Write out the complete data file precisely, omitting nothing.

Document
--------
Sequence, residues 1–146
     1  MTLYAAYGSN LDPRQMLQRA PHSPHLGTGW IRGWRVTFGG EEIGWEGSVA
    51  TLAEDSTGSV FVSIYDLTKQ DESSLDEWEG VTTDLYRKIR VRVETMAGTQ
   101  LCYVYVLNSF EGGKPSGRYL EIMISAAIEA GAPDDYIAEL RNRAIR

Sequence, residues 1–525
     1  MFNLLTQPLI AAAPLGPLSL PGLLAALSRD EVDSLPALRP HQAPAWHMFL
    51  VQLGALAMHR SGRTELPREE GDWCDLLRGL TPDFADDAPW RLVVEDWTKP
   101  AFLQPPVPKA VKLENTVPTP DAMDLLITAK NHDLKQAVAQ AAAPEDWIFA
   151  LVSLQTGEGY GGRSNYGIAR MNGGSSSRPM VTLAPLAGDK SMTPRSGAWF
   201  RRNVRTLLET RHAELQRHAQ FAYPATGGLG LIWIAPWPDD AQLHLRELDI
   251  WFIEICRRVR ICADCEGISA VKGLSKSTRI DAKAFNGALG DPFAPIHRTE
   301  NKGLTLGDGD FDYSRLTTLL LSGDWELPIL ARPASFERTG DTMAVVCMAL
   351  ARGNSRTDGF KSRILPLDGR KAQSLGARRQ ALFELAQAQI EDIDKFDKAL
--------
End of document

Sequence, residues 1–146
     1  MTLYAAYGSN LDPRQMLQRA PHSPHLGTGW IRGWRVTFGG EEIGWEGSVA
    51  TLAEDSTGSV FVSIYDLTKQ DESSLDEWEG VTTDLYRKIR VRVETMAGTQ
   101  LCYVYVLNSF EGGKPSGRYL EIMISAAIEA GAPDDYIAEL RNRAIR

Sequence, residues 1–525
     1  MFNLLTQPLI AAAPLGPLSL PGLLAALSRD EVDSLPALRP HQAPAWHMFL
    51  VQLGALAMHR SGRTELPREE GDWCDLLRGL TPDFADDAPW RLVVEDWTKP
   101  AFLQPPVPKA VKLENTVPTP DAMDLLITAK NHDLKQAVAQ AAAPEDWIFA
   151  LVSLQTGEGY GGRSNYGIAR MNGGSSSRPM VTLAPLAGDK SMTPRSGAWF
   201  RRNVRTLLET RHAELQRHAQ FAYPATGGLG LIWIAPWPDD AQLHLRELDI
   251  WFIEICRRVR ICADCEGISA VKGLSKSTRI DAKAFNGALG DPFAPIHRTE
   301  NKGLTLGDGD FDYSRLTTLL LSGDWELPIL ARPASFERTG DTMAVVCMAL
   351  ARGNSRTDGF KSRILPLDGR KAQSLGARRQ ALFELAQAQI EDIDKFDKAL